"Men love their women, but more than that, they love their cars."
Now relegated to just a footnote in history to all but the most passionate racing fans, the rivalry between Formula One racers James Hunt & Niki Lauda dominated headlines around the world for the middle years of the 1970s. What better subject for a writer like Peter Morgan to tackle than that of these dueling protagonists with his latest film Rush. Re-teaming with director Ron Howard after their 2008 awards' darling Frost/Nixon, Morgan has crafted an equally fascinating story of two men with seemingly nothing in common, other than an undying desire to win.
The story opens in 1970 when Hunt (Chris Hemsworth) & Lauda (Daniel Bruhl) are up and coming racers in the Formula Three class. Against the wishes of his family, Lauda buys his way into the Formula One world when he feels his talents can no longer be contained by a third class racing organization. Hunt continues working his way up the ladder until his financier Lord Hesketh (Christian McKay) takes a page out of Lauda's book and buys Hunt into the Formula One world as well. Hunt is a maverick, living on the edge and constantly flirting with disaster, whereas Lauda is a by-the-book perfectionist, always seeking to make the most of every opportunity he's given.
After winning the World Championship in 1975, Lauda seems poised to dominate the sport for years to come. Hunt, on the other hand, finds himself without a sponsor and struggling to join a team for the 1976 season. When McLaren brings him aboard, he begins to pose the first significant threat to Lauda. Juxtaposing their on the track positions is the two men's love lives, with Lauda in a committed relationship with his wife Marlene (Alexandra Maria Lara) and Hunt juggling multiple women at one time, often under the nose of his model wife Suzy (Olivia Wilde). As Hunt begins to gain on Lauda in the standings, one fateful race at the German Grand Prix changes the fates of both men forever.
While he's never been the flashiest or most lauded director in Hollywood, Howard has a workmanlike attitude that's gained him many admirers both in and out of the industry. His films are rarely cited as the best ever made, but he's never really made a terrible movie (yes, even The Grinch isn't terrible). It makes sense then that he would latch onto a character like Niki Lauda and his desire to be the best without ever really being anyone's favorite. Lauda seems tailor made to be the villain of a film like this, with such a dynamic presence like Hunt also on screen, but Howard is too good a director to let Lauda's faults weigh him down to the point of becoming an antagonist. You can't help but admire the man, even as he seems to be going out of his way to make himself unlikable, and that's what makes Rush as good a movie as it is; Howard's desire to keep both men on equal footing.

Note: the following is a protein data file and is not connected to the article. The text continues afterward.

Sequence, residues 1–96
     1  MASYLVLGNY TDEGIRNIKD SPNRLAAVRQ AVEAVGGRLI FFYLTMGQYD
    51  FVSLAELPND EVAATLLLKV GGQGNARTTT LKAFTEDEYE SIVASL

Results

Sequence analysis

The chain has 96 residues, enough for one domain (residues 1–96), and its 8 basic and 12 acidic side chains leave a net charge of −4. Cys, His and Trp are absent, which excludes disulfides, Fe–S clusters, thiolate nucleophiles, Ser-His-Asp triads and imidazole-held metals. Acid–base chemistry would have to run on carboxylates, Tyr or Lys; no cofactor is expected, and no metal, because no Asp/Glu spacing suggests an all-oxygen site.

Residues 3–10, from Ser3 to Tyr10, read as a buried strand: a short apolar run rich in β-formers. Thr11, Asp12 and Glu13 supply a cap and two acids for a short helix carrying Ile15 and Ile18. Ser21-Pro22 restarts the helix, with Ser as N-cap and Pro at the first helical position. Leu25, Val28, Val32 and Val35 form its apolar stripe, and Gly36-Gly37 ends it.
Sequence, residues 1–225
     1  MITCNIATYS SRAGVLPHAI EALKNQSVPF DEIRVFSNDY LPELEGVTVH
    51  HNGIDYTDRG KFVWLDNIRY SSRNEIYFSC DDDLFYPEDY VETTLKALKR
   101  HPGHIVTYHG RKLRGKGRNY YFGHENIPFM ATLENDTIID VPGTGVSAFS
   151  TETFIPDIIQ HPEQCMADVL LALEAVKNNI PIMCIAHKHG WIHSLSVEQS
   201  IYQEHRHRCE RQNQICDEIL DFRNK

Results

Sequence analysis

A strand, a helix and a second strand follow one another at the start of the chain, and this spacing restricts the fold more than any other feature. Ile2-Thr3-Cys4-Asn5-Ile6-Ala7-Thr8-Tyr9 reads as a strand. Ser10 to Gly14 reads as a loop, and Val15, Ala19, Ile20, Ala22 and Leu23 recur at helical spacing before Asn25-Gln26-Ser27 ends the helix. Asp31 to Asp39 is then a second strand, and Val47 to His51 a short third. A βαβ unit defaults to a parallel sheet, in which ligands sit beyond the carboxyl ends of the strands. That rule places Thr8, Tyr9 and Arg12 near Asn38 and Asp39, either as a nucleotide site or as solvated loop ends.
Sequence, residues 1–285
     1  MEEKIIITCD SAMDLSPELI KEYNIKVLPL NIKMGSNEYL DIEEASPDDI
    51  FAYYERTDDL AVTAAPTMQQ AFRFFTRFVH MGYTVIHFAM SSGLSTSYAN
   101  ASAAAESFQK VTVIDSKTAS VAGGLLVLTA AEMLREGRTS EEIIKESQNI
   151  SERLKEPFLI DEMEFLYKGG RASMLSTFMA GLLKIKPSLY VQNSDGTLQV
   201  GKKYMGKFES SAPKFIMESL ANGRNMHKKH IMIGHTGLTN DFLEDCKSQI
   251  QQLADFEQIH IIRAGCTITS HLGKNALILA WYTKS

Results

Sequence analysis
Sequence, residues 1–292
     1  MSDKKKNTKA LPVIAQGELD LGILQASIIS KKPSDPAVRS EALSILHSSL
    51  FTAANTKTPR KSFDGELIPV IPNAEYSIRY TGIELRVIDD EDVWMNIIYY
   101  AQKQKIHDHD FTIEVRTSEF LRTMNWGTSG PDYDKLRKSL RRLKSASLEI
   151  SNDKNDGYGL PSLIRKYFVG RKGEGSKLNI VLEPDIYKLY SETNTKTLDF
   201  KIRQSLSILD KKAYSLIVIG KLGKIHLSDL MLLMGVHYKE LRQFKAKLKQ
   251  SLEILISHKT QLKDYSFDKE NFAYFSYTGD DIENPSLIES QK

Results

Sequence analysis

Howard's never been known for flashy visuals, but the racing scenes in this film are breathtaking and give the film an immediacy it wouldn't have had with a lesser director. It's some of the best work of his career, particularly with Oscar winning cinematographer Anthony Dod Mantle (Slumdog Millionaire) behind the camera. The film's editing by Daniel P. Hanley, also an Oscar winner for A Beautiful Mind, is equally brilliant, even when the pacing of the script threatens to bog down the whole affair. The middle portions of the film suffer from a bit too much lethargy, but the direction, camera work, editing & score by Hans Zimmer all keep things moving almost in spite of the script's desire to pause too much for unneeded reflection. This is almost a technically flawless film, and those elements go a long way towards making the film so good.
The performances in the film are equally outstanding, particularly from the two leads. Hemsworth follows through on all the promising talent he's shown in more overblown fare like Thor & Star Trek, and is as dynamic a screen presence as anyone else in his age range working right now. Bruhl is an actor we haven't seen much of, apart from small but memorable roles in Inglourious Basterds & The Bourne Ultimatum, but he is every ounce Hemsworth's equal and makes Lauda a fully formed character. The biggest downfall of the script, in a very similar way to Morgan's script for The Queen, is that outside of these two, there aren't really any characters of substance.
Lara is quite good as Lauda's wife, and McKay manages to steal a handful of laughs in a largely thankless role, but beyond that, there really aren't any standout supporting characters. One major gripe that needs to be addressed, however, is with the makeup choices made for Olivia Wilde's character. Whomever worked on her makeup needs to be tried for war crimes as they managed to turn one of the most attractive women working in film today into George Hamilton. She was so tan and her skin just looked like it was crying out for a good moisturizing. It's even odder since her character was a model who hocked skin care products, so I'm not sure if there was some sort of symbolic meaning to her makeup, but if there is, it's as big a failure as the symbolic caged birds that are featured prominently in several shots after Hunt loses his sponsorships.
Rush is a very good film that eludes greatness due to a handful of script miscalculations. It is technically brilliant and features two incredibly strong lead performances, but the script feels like it was a draft or two away from being great. There is still a lot here to recommend, even if you aren't a racing fan, which I most certainly am not, and I think that the positives vastly outweigh the negatives across the board. Even for a film where the characters are literally going in circles, the rivalry between these two men is enough to keep you glued to the screen.
GO Rating: 3.5/5
[Images via BoxOfficeMojo]